It’s always a huge bummer when brown spots start to appear on your poblano peppers. It’s vital to identify what kind of brown spots they are so you can get to the root of the problem and treat them ASAP!
Poblano pepper plants develop brown spots for various reasons. Some potential causes include calcium deficiencies, excessive sun, fungi, viruses, and more. Depending on the root cause, the appearance of the spots may differ and may manifest as bacterial leaf spots, blossom end rot, Anthracnose fruit rot, cucumber mosaic virus, and sunscald.
Keep reading to learn more about each of these causes, plus prevention and treatment!
Why are my poblano peppers getting brown spots?
There’s nothing more frustrating than getting excited over a growing fruit, only to discover brown spots on it.
To treat your peppers, you need to discover the cause of the brown spots. Your poblano peppers may be getting brown spots for many different reasons, including:
- calcium deficiencies
- excessive sun
It can feel like there are nearly endless reasons why poblano peppers may end up with brown spots. And to be fair, it’s barely an exaggeration!
For example, calcium deficiencies can cause blossom end rot. On the other hand, overexposure to the sun can cause sunscald. Bacterial leaf spots can cause spots on their own and then lead to sun scald. It never ends!
This article will go point-by-point so you know how to identify, prevent, and treat different causes behind poblano pepper brown spots.
How do you treat brown spots on poblano pepper plants?
Treatment of brown spots really depends on the cause behind them.
To treat brown spots on poblano pepper plants, you first need to identify what is causing the brown spots. For example, fungicides can help treat Anthracnose fruit rot. Meanwhile, a little extra shade can treat sunscald. Going easy on nitrogen fertilization can help treat blossom end rot.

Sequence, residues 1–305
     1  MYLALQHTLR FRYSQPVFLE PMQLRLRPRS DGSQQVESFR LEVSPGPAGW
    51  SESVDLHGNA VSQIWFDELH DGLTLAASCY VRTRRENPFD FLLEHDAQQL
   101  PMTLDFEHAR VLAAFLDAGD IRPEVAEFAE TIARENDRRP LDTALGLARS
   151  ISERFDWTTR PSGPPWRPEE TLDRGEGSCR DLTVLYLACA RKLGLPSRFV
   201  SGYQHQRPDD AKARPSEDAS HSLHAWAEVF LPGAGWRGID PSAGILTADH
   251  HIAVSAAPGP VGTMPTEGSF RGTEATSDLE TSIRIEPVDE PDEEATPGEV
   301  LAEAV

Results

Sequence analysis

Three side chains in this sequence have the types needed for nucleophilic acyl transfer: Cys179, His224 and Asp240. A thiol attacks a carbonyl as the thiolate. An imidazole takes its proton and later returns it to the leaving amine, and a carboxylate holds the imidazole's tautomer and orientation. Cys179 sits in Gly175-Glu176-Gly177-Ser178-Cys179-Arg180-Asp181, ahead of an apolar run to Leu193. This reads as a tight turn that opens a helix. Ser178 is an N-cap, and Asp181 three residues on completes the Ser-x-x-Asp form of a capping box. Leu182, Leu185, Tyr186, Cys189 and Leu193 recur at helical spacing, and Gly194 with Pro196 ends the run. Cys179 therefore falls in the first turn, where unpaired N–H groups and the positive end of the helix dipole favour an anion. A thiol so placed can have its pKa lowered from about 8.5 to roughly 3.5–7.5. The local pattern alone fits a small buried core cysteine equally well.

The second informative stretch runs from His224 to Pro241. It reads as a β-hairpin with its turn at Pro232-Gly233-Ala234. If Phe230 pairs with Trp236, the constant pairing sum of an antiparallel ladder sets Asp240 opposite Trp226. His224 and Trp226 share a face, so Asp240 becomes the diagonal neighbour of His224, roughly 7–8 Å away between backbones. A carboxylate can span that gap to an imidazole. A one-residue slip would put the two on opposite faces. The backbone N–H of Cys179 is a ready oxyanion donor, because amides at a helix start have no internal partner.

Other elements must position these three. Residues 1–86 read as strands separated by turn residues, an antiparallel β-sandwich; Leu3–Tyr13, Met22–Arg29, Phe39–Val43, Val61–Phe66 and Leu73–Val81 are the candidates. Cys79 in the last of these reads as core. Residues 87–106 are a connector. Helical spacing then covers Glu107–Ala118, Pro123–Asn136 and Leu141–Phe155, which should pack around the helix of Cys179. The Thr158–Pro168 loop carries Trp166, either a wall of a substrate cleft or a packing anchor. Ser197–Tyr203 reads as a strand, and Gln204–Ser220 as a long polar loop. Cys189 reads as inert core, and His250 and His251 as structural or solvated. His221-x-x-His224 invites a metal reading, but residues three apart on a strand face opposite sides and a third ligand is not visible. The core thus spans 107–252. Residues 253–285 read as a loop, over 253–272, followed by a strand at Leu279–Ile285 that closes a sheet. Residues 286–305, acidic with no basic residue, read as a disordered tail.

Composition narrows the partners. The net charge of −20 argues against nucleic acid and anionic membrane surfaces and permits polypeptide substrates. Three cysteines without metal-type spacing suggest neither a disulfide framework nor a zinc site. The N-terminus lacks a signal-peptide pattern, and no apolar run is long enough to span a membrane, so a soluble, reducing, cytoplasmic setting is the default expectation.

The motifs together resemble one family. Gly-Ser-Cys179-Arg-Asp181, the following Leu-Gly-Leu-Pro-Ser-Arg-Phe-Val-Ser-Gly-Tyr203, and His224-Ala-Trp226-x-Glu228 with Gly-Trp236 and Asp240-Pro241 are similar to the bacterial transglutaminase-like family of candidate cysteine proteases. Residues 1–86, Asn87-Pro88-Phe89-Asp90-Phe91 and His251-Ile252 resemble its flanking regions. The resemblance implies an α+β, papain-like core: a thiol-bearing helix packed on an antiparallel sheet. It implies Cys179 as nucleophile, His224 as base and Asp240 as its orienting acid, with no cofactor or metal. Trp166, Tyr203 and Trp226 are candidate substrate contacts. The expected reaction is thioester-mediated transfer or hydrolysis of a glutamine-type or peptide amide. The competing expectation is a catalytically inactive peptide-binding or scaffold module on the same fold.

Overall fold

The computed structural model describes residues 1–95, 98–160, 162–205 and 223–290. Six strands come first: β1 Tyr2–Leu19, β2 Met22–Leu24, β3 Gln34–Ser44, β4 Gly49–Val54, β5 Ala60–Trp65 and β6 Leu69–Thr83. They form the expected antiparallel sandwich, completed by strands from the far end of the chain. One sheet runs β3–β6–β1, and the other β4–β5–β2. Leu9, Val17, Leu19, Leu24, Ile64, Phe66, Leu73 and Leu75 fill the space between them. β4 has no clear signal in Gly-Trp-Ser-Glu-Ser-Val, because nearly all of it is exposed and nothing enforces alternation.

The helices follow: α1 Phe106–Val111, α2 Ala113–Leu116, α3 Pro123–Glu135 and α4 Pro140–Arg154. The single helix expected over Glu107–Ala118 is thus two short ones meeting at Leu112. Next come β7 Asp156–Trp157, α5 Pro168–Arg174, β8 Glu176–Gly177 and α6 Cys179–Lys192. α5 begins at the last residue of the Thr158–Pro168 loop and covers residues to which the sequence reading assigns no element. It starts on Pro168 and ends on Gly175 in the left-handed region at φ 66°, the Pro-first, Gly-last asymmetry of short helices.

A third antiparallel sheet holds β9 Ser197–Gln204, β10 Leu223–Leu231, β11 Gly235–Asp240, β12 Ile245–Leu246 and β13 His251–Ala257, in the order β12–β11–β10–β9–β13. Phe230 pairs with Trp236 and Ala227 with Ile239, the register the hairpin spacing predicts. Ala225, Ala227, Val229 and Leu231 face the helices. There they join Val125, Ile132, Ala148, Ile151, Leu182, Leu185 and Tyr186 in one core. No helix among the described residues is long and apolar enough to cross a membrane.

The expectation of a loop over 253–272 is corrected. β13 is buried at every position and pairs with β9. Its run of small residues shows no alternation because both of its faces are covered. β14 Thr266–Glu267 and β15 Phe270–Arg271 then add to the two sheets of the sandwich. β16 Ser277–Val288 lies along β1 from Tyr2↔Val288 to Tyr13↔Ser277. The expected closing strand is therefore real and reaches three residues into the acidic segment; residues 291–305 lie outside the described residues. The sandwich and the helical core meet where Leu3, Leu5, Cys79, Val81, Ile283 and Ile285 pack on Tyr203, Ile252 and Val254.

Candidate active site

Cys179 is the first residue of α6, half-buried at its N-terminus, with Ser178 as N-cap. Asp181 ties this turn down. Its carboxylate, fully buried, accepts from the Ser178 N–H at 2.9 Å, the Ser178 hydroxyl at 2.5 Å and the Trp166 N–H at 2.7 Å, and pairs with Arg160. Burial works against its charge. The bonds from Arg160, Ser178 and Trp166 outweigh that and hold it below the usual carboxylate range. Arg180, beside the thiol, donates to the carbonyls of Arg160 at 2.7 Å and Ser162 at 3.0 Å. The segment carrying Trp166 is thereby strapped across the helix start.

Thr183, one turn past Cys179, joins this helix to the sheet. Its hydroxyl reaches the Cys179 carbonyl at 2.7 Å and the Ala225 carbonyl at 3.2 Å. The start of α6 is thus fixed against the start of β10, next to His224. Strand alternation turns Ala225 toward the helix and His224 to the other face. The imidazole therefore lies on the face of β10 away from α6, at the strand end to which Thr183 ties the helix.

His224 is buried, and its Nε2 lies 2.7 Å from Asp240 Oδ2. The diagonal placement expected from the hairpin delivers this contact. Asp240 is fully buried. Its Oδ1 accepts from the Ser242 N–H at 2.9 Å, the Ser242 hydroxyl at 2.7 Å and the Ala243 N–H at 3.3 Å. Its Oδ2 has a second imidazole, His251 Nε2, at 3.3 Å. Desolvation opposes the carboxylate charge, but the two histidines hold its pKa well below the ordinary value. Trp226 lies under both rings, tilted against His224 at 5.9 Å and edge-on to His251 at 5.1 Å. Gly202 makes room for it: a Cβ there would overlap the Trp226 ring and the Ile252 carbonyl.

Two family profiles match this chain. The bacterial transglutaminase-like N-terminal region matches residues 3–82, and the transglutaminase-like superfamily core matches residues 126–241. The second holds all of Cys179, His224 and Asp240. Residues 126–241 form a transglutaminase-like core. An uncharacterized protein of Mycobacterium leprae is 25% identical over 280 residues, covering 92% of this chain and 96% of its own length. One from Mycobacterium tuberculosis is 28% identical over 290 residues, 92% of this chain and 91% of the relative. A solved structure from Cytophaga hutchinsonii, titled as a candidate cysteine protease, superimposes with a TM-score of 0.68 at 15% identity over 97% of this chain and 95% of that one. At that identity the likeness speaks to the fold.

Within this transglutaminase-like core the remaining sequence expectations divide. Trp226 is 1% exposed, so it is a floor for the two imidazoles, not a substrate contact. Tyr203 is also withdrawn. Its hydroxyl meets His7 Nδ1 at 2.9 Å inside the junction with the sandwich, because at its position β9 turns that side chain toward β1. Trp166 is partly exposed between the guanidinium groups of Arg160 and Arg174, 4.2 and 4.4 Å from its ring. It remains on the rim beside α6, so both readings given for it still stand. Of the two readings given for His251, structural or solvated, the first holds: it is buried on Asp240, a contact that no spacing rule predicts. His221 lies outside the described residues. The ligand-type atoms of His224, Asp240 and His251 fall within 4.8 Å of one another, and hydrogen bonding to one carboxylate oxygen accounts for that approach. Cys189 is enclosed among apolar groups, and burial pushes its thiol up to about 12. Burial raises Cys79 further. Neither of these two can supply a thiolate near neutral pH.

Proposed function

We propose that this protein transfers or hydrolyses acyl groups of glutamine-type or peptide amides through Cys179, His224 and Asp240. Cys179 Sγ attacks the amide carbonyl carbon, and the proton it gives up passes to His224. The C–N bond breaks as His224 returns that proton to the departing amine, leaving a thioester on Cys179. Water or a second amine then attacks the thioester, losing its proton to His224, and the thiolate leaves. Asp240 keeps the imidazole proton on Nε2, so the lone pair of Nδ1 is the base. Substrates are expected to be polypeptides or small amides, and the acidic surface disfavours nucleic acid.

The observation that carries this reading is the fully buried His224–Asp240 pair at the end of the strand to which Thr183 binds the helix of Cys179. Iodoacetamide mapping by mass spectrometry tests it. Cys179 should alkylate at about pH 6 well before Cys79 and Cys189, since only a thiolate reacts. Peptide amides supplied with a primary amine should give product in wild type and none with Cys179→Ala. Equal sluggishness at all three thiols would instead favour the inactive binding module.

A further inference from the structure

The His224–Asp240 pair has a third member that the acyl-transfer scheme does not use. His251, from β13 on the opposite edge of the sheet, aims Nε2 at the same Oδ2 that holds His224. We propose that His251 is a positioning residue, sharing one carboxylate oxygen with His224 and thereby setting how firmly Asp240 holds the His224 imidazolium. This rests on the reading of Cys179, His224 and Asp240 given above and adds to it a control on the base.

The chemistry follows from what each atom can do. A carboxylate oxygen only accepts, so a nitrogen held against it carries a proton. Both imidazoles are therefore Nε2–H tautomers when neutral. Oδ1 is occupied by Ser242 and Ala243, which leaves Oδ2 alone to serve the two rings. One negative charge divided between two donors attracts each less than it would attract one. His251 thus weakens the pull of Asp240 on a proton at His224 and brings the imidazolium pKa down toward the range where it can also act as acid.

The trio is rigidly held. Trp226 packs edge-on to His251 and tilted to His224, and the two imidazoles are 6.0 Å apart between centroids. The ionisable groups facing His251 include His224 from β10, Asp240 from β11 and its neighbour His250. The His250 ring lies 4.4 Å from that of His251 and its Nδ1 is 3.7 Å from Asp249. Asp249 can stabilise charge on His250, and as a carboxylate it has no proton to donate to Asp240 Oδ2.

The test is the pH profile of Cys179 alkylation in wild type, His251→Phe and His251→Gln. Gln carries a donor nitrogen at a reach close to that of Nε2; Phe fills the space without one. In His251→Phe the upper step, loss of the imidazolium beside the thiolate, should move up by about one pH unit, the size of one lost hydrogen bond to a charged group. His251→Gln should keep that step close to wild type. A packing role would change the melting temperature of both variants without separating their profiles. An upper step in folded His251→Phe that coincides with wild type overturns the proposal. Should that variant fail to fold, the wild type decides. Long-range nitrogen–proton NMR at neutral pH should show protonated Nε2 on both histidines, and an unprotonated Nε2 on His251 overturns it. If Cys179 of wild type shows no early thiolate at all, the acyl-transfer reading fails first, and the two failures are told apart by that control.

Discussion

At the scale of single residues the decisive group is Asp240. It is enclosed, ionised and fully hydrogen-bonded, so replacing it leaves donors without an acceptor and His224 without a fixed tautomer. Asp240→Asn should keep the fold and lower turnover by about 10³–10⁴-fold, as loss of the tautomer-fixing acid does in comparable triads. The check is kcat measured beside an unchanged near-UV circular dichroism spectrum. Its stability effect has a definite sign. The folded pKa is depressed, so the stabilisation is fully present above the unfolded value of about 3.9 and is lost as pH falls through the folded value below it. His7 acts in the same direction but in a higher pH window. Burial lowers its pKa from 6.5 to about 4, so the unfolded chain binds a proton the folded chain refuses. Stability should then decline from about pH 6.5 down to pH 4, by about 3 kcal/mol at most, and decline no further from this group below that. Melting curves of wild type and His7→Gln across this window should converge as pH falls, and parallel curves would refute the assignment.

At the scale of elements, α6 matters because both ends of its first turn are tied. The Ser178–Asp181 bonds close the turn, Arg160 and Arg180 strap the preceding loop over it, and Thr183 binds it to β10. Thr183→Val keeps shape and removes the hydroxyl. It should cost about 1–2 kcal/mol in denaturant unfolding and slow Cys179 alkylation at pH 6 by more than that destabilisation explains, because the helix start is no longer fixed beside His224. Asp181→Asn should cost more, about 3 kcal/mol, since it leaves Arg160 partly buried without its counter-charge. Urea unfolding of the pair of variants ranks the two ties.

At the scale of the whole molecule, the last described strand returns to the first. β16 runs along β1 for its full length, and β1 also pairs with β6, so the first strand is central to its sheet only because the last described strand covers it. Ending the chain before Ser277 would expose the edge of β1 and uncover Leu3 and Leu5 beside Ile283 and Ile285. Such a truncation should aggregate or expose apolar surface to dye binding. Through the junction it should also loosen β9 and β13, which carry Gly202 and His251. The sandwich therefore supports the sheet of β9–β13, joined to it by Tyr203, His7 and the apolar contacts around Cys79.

- Bacterial leaf spot (BLS)
- Blossom end rot (BER)
- Anthracnose fruit rot
- Cucumber mosaic virus (CMV)
Treating brown spots on poblano pepper plants depends on which of the above reasons is causing your brown spots.
One thing that all treatments have in common is that prevention is the name of the game. For example, bacterial leaf spot prevention includes sanitizing seeds before planting. Meanwhile, blossom end rot prevention includes not overfertilizing.
No matter what, always inspect your poblano transplants before bringing them home!
Bacterial leaf spot
Bacterial leaf spot is both the most common and destructive disease affecting poblano peppers in the eastern US. Different strains are specific to different cultivars.
Fruit yields can drastically decrease as leaves drop due to bacterial leaf spot, decreasing photosynthesis and therefore plant health.
In addition, the dropping of leaves can increase the likelihood of sunscald – a double whammy!
What does bacterial leaf spot look like?
Bacterial leaf spot can appear as leaf spots, fruit spots, and/or stem cankers. The earliest symptoms tend to be wet lesions on leaves that turn dark brown.
“Raised, scab-like spots” may show up on fruit. This does not directly cause the peppers to rot, but the lesion will make the fruit more susceptible to pathogens that will.
How do you treat pepper bacterial leaf spots?
To mitigate bacterial leaf spot, use pathogen-free seeds and disease-free transplants. Inspect your poblanos carefully before you take them home from the nursery.
To treat seeds, wash them in a 2:8 Clorox-to-water solution. You can also soak them for 30 minutes in hot water. That being said, bleach treatment is the better option because it won’t affect germination rates.
Another proactive step to take is using products that have beneficial microorganisms.
Rotate your crops each season to lower the likelihood of pathogen spread.
The best way to manage BLS is to combine multiple methods integratively to ensure happy and healthy poblano plants!
Blossom end rot